Literary Foods: Beatrix Potter’s Roasted Apples

I have adored Beatrix Potter’s little stories since I was very young. One of my very first memories is of my dad sitting me on his knee and reading me the “Tale of Mr. Jeremy Fisher”. I remember asking for it to be read to me again and again and shivering when the unique frog food of “grasshopper with lady bird sauce” was mentioned at the end.

Beatrix Potter--leads to a nice 5 min videoBeatrix’s little books are full of references to food. From the Roly-Poly Pudding to Peter’s feast in Mr. Gregory’s garden all the way to a mouse size banquet in the Tale of Mrs. Tittlemouse and Ginger and Pickles wonderful store with mentions of sugar, peppermints, cream biscuits and water crackers. Almost all of Beatrix’s books include some reference to food or at least to the classic English custom of teatime.
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Literary Foods: Little Women and a Civil War Treat

Little Women has been one of my most favorite books since I was a teenager. Surprisingly, I didn’t read the whole book through until I was around 15 or 16, but the movie has always been one of my go-to comfort films. Probably because it was one of the very first period drama movies I watched and actually enjoyed. 🙂

When I was thinking about a recipe to try that reminded me of Little Women, I was inspired by the short passage from the book about the Christmas breakfast that the March sisters so willingly give up to others.

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Literary Foods: Plum Pudding

“But now, the plates being changed by Miss Belinda, Mrs. Cratchit left the room alone—too nervous to bear witnesses—to take the pudding up, and bring it in.

Suppose it should not be done enough! Suppose it should break in turning out! Suppose somebody should have got over the wall of the back-yard and stolen it, while they were merry with the goose—a supposition at which the two young Cratchits became livid! All sorts of horrors were supposed.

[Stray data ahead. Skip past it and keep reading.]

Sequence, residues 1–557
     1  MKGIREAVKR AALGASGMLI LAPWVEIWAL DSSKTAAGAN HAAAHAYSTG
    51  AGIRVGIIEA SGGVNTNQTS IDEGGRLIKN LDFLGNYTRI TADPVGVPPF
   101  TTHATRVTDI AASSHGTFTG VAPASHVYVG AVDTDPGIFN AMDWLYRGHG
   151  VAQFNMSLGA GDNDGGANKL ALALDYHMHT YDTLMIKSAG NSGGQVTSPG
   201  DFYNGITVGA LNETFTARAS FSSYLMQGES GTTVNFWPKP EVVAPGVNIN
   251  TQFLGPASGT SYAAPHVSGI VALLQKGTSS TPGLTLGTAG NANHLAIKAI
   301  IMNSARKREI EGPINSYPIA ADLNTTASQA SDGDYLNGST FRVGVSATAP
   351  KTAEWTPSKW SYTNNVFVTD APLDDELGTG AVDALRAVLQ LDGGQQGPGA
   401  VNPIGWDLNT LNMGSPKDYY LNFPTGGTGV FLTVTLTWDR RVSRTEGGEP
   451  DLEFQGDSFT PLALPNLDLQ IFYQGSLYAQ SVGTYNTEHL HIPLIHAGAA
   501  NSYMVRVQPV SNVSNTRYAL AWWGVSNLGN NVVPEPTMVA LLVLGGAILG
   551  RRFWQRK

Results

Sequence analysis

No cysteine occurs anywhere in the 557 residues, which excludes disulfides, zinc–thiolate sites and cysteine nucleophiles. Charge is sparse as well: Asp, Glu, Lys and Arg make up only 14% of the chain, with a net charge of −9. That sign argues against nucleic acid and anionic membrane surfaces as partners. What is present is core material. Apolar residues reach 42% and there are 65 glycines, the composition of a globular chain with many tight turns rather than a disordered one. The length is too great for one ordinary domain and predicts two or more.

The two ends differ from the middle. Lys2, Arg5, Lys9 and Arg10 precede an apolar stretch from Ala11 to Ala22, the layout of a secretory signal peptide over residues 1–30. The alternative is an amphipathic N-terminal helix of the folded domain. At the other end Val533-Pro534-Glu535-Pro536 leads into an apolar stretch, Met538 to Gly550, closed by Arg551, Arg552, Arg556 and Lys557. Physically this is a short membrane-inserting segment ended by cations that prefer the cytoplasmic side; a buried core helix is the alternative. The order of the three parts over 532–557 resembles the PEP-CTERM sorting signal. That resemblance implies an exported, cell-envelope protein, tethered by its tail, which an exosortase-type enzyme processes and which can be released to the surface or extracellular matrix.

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Hallo! A great deal of steam! The pudding was out of the copper. A smell like a washing-day! That was the cloth. A smell like an eating-house and a pastrycook’s next door to each other, with a laundress’s next door to that! That was the pudding! In half a minute Mrs. Cratchit entered—flushed, but smiling proudly—with the pudding, like a speckled cannon-ball, so hard and firm, blazing in half of half-a-quartern of ignited brandy, and bedight with Christmas holly stuck into the top.

Oh, a wonderful pudding! Bob Cratchit said, and calmly too, that he regarded it as the greatest success achieved by Mrs. Cratchit since their marriage. Mrs. Cratchit said that, now the weight was off her mind, she would confess she had her doubts about the quantity of flour. Everybody had something to say about it, but nobody said or thought it was at all a small pudding for a large family. It would have been flat heresy to do so. Any Cratchit would have blushed to hint at such a thing.”
A Christmas Carol , Chapter 3

Except for this scene and several others in The Christmas Carol, Oliver Twist’s gruel and the old wedding cake in Great Expectations , food doesn’t play a huge part in the novels of Charles Dickens. Perhaps it was because he, as a writer, was more concerned with showing and exposing the dour poverty and the dirt of his time than the feasts and holiday foods of those who could afford them.

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